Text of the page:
La Salve bridge art project competition
10.19.2006 - 01.25.2007
La Salve bridge art project competition
In 2007 it was ten years since the Guggenheim Museum Bilbao was inaugurated, back in October 1997. To mark this event, the Museum commissioned an artwork for the citys La Salve Bridge, thereby adding to the Bilbao Collection a site-specific work conceived for one of the Museums most remarkable areas, while helping to enhance the citys general artistic heritage.
Models of the three projects presented by Daniel Buren, Liam Gillick, and Jenny Holzer are on display in the Museums 103 B gallery together with additional material to help the public understand how each individual project was conceived, while giving an insight into the three artists careers to date.
The final decision on the installation to be added to the Guggenheim Museum Bilbaos Collection was made public at the end of 2006. The Selection Committee included two representatives each from the Biscays Regional Council and the Basque Government. Also on the Committee are renowned Spanish architect Santiago Calatrava; Norman Rosenthal, Exhibitions Secretary at the Royal Academy of Arts, London; Thomas Krens, Director of the Solomon R. Guggenheim Foundation; and Juan Ignacio Vidarte, Director General of the Guggenheim Museum Bilbao.
But choosing the installation for La Salve Bridge was not a task for Selection Committee members alone. Given the scope of this eminently popular project destined to become a part of the city, the Guggenheim Bilbao feelt that its visitors should have a decisive role in the selection process.
Therefore, from October 20 to November 30 2006, all Museum visitors could vote for their preferred project. All they had to do is drop the card that they received with their admission ticket into the ballot box located next to their preferred project. That with the largest number of visitor votes had then an extra vote on the Selection Committee.
Once the Committee announced its verdict, the artist responsible for the selected proposal had several weeks to produce the definitive project, which was installed on La Salve Bridge during 2007.
Burens project is based on his conviction that the steel arch of the bridge is the only element that distorts the perfect harmony achieved by Frank Gehry between the Museum and the bridge, which is embraced and integrated into the buildings architecture. As Buren puts it, the arch "is not visually connected to the elegance of Museum."
So his proposal concentrates on transforming the structure of the bridge, covering it with a colored "skin", as a sort of sculpture, thus modifying the shape of the bridge without affecting its original function in any way.
For his sculpture, Buren has chosen a vivid red to create a sharp contrast with the bridges predominating green, while at the same time establishing a "chromatic connection" with the titanium scales of Gehrys building. The succession of black and white stripes on the edges acts as a counterpoint to the red.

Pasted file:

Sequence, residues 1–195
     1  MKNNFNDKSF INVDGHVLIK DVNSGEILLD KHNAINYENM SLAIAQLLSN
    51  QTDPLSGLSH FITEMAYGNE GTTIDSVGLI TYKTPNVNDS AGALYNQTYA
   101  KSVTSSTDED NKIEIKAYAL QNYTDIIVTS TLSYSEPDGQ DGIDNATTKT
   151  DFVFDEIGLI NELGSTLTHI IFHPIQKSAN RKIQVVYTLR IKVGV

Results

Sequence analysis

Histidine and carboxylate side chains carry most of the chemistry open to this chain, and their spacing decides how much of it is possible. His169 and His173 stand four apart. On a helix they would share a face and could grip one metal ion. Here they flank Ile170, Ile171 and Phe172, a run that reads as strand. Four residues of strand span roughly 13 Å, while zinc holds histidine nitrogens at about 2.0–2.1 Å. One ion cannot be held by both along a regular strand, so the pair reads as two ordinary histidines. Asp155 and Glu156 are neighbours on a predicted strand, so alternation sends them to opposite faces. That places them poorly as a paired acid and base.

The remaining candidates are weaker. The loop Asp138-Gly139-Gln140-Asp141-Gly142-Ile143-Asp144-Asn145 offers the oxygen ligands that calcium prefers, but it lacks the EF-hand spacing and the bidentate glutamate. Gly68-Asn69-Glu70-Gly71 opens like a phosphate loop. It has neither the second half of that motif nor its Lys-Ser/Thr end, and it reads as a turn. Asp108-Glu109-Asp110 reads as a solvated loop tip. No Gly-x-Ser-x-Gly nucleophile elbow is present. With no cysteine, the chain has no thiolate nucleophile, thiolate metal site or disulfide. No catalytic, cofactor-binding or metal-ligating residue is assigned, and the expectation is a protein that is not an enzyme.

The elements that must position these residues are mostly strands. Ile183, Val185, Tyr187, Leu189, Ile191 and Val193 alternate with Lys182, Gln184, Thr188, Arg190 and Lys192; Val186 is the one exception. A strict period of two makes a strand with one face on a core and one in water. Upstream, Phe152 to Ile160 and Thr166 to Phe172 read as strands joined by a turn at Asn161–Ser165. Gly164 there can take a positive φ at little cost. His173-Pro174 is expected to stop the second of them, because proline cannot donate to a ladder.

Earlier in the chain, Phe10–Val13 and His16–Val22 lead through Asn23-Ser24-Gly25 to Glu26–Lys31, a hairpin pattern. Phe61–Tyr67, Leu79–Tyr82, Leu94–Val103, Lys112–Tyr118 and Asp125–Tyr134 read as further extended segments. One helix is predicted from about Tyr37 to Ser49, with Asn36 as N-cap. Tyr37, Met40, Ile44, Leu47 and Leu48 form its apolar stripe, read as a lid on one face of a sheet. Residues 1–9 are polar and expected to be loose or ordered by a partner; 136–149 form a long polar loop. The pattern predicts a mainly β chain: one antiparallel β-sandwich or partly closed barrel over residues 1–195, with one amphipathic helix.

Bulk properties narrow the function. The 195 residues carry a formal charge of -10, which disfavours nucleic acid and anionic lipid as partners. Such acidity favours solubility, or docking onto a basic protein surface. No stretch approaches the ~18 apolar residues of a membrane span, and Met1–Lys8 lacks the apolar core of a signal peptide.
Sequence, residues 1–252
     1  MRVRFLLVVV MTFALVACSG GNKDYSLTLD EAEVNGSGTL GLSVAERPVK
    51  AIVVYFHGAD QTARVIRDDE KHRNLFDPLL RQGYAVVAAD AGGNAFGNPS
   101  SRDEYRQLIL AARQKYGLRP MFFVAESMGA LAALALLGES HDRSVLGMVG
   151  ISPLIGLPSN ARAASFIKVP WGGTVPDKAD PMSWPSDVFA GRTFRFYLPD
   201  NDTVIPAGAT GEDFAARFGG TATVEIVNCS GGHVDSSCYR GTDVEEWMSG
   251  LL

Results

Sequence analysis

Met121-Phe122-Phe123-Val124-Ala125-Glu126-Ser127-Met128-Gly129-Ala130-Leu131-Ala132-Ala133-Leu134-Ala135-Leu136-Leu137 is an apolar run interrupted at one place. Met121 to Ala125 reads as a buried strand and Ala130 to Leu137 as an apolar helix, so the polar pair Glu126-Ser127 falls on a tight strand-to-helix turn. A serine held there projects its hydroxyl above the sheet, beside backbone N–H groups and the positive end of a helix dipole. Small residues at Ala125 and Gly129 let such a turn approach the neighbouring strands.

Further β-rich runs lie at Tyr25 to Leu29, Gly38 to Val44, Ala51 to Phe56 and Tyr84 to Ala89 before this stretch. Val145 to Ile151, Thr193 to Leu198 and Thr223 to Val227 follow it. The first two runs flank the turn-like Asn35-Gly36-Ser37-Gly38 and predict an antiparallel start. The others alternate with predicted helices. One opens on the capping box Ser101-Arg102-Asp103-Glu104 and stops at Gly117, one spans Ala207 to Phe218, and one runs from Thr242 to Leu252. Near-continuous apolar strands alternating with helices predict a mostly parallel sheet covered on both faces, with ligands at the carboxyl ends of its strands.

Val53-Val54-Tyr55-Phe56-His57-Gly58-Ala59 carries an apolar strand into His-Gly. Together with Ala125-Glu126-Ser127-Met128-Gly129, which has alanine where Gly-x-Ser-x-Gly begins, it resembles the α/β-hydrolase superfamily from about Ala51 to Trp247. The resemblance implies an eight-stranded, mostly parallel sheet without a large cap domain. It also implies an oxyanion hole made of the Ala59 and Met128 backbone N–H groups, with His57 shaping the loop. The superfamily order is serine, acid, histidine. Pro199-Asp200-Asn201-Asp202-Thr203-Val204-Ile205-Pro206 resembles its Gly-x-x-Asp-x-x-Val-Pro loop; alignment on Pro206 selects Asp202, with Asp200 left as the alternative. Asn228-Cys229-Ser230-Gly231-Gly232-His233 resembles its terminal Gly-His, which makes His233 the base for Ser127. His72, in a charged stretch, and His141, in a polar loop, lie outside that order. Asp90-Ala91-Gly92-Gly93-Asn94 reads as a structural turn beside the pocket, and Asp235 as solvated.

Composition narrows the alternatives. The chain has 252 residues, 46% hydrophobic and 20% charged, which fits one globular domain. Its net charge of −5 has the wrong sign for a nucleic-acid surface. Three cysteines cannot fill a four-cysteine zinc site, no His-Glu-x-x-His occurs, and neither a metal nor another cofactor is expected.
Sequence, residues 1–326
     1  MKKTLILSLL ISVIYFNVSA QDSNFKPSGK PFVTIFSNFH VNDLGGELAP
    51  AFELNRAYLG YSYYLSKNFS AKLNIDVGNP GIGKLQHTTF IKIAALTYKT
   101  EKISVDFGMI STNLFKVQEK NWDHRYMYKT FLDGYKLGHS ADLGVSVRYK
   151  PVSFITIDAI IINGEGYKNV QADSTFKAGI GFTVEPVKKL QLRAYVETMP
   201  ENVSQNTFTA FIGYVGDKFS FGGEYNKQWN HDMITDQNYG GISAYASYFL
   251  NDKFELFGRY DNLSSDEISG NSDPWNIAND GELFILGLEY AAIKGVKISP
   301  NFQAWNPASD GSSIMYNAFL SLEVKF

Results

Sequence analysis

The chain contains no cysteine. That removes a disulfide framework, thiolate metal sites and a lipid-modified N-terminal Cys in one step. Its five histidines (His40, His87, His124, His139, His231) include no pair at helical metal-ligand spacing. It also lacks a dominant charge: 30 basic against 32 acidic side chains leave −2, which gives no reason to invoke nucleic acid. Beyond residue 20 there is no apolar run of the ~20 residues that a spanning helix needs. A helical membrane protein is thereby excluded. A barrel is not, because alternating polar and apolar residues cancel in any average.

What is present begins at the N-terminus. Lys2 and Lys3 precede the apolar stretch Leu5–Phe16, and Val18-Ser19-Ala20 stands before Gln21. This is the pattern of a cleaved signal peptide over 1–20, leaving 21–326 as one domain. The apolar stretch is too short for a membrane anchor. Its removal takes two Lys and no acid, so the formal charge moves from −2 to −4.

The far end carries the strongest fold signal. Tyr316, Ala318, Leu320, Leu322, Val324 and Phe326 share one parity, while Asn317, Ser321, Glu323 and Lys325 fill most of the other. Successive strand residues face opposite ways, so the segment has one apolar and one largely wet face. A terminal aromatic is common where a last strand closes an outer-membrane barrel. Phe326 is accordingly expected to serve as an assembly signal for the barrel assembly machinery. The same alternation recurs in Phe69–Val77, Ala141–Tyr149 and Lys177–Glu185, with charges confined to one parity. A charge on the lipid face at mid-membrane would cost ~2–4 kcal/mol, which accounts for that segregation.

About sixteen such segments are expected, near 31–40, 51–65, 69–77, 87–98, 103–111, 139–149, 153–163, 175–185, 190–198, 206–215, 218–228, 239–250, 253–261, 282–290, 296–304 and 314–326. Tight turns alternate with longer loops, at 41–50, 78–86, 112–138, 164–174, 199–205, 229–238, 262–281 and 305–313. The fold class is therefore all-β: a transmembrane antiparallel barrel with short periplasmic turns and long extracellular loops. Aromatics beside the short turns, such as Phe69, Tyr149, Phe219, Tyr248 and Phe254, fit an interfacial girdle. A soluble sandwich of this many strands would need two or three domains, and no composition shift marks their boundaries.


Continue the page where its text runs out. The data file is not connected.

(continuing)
The installation entails two types of lighting; one static that illuminates both sides of the "red sculpture"; the other a rather more dynamic, complex illumination located at the sides to give an effect of constant movement to the bridges internal and external edges.
Gillicks proposal for La Salve is very much in line with his previous work, which has been mostly designed to encourage dialogue and thought by acting as basis for discussion and exchange. Basically, the project seeks to integrate La Salve Bridge into the surrounding area, using a combination of light and shade that breaks up the sloping roadway without denying its existence.
He proposes to enhance the structure of the bridge by placing a circular structure on it bearing an equation from theoretical physics. The use of the equation parallels work he has done in the past, working with theoretical physicists in Ireland in 2000 and updating Gabriel Tardes classic eco-political 19th-century science fiction book Underground Man. The formula, which analyzes the impact of cities on the climate and the environment in general is, in Gillicks words, "a challenge for the viewer", one designed to push the level of communication that is expected from art.
A teacher at New Yorks Columbia University since 1997, Gillick often combines formal structures with conceptual devices. His proposal for La Salve is rounded off by a sequence of differently sized spherical forms lit from within and placed at intervals on both sides of the road on the outer part of the bridge, making it a point of attraction for the bridge and for the Museum itself.
Based on the idea of a dialogue with landscape, history, and local culture, Holzers project for La Salve Bridge is also designed to convey and transmit Bilbaos new international profile. To make the movement around the river visible and "present from any angle in the city", Holzer proposes to install a series of LEDs under the bridge to cast amber light permanently onto the rivers surface.
Texts screened by the LED, running from the base of the bridge on the right bank to the opposite bank, where the bridges structure is seemingly integrated into the titanium of the Museum, would involve a program which incorporates fragments of works by Basque, Spanish and international poets in Basque, Spanish and English.
In addition to the LEDs, the proposal also involves a second feature. On one of the masonry elevator structures, and on a pedestrian walkway mid-bridge, Holzer proposes temporarily installing projectors to cast text in light onto the museum, the river, and the Artxanda hill, for special events. As part of the bridges renewal, the structure, including its underside, would be painted a soft silvery gray.
Partial view of gallery 103B; in the foreground, Daniel Buren’s project, which was finally executed